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Writing Job Ads that Attract Top Talent

Finding the right talent is one of the biggest challenges for emerging tech companies. 

In a candidate’s market, highly skilled employees are in demand, and there are more job openings than there are qualified applicants. Which means that if you’re searching for a key position on your team, you’ll want to do everything in your power to fill your recruitment pipeline with highly skilled applicants. 

There should be a big difference between the “laundry list” job description that is typically generated by HR for internal processes, and the job description you post online/share with potential candidates. In a crowded market where candidates have many options, your job ad is your first opportunity to sell your mission and vision to the candidate, and initiate the application process. 

As you start to craft your message, it’s important to recognize that no matter how your post is written, you will end up with unqualified applicants—and probably a lot of them. In a perfect world you’d only hear from folks who meet the requirements—but under-qualified candidates often apply for anything and everything that sounds even remotely interesting. Someone will have to sift through those applications to find the qualified folks in the pile.

We recommend that you write your job description to directly address the top 1% of talent. Think about a candidate who would solve all your problems and be a dream fit—what do they need to know about your opportunity that will inspire them to apply? Write to them, and them alone. 

Think about a Director of Sales role: what sounds more compelling to you? 

“In this role, you will manage day to day coaching of junior reps, oversee input into our CRM, track KPIs, lead individual and group training, step in to help close deals, and oversee performance management.” 

OR: 

“Your mission will be to lead and inspire a team of 6, as they work to double revenues in the next year.” 

A highly qualified candidate will know what needs to happen in the day to day of leading a sales team—they don’t need the laundry list. They are more likely to be excited by the opportunity to lead a team and impact the bottom line of the organization. They will intuitively understand the tactics that will get them there, because they’ve done it before. On the other hand, an unqualified candidate might look at the list of tactics, and think “I can do that,” even though they don’t have the underlying strategic chops to pull it off. 

We recommend that you keep your job description to three sections: a bit about your organization, a summary of the mission of the role, and your must-have requirements for a candidate. 

Overview of your company: 

Tell your prospective candidates a bit about who you are and what you do. What makes your company an exciting place to work? Brag a little here—have you won any awards, secured a round of funding, or seen strong growth year over year? Your reader should have a sense of the scope of the problem you’re solving, the size of the company, and the flavour of your culture. 

The Mission of the Role:

What is the problem you’re hiring to solve? What will your incoming candidate “own” as part of their role? In this section, you want to paint a compelling picture of what success will look like.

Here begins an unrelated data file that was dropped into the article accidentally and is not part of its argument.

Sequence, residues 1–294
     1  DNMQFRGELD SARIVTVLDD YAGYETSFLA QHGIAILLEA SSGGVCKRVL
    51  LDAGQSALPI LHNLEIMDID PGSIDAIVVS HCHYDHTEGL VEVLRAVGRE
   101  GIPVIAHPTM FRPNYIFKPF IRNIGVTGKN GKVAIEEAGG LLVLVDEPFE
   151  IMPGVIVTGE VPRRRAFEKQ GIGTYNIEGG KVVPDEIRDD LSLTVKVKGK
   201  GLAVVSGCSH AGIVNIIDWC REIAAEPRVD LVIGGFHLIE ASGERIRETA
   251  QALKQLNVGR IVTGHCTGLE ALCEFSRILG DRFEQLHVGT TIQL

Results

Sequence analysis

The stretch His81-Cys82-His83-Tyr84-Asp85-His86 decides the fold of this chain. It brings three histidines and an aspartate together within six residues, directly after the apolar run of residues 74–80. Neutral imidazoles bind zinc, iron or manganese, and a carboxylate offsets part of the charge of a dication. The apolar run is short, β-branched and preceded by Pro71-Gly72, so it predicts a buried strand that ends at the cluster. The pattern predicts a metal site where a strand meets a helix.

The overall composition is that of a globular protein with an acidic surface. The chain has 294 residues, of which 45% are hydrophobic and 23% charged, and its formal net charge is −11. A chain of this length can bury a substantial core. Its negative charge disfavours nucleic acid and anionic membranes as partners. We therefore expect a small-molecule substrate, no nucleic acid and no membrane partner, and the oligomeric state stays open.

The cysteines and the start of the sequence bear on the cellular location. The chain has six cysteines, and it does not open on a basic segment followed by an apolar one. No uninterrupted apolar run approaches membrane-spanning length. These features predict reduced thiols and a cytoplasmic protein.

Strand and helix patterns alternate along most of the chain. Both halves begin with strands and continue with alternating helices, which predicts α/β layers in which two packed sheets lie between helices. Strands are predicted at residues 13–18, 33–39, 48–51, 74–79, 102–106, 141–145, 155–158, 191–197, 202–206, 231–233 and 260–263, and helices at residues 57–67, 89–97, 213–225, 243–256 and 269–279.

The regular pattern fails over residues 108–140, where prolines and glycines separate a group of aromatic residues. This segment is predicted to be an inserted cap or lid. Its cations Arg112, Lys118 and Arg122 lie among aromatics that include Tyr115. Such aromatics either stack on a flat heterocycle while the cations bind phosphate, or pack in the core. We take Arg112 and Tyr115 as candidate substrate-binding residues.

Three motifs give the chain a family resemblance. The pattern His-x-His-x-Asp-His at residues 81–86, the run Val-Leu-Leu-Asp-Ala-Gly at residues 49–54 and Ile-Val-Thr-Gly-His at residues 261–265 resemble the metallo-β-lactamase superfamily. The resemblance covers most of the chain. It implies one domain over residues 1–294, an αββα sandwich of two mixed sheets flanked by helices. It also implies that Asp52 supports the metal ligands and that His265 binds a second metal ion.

Resist the temptation to list all the tactics that the role will employ—for the most part, qualified prospective employees don’t want to hear about what the day-to-day will look like. They already know that they’re going to have to make sales calls, update the CRM, attend meetings, etc. 

One way to approach this: imagine that you’ve had this person in the role for a year, they’ve been incredibly successful, and you’re prepping for a one-year review. What will that person have achieved? How will they have added value to your team? That success story is perfect for this section. 

Your Requirements:

In this section, focus on the career milestones and accomplishments your ideal candidate will have under their belt. Think about the professional story your ideal candidate will be able to tell—increasing revenue, hitting key targets, leading teams who get results, etc. 

Don’t frame your requirements in terms of “years of experience.” Would you rather have a rock star who’s achieved incredible results in 3 years, or a mediocre employee who’s been in their role for 8 years? Think instead about accomplishments and specific experience, and write this section for candidates who have those stories to tell. 

Clearly indicate requirements that are “must haves” vs. “nice to haves” (And before you sit down to write the ad, it’s smart to have an in-depth conversation about this internally so that you’re crystal clear on what you really need). 

We also recommend that you don’t get too caught up on experience working with a particular tech stack unless it’s absolutely essential (i.e. it’s a developer position, in which case that will be essential). Top talent will be able to learn to use new tools fairly quickly.

* * * * * 

Crafting compelling messaging about your job opportunity is often the first step on the road to finding your next hire. We like to think of recruiting as a marketing activity—figuring out the messaging that portrays the value of your opportunity, and finding ways to distribute that message to your target audience. As you prepare for your next hire, keep these tips in mind to increase your chances of attracting the top talent your business needs.

Are you ready to build a team that drives revenue? Book a consult with our friendly and knowledgeable team of recruiting consultants. We help early-stage, high-growth companies move from startup to enterprise by building effective teams.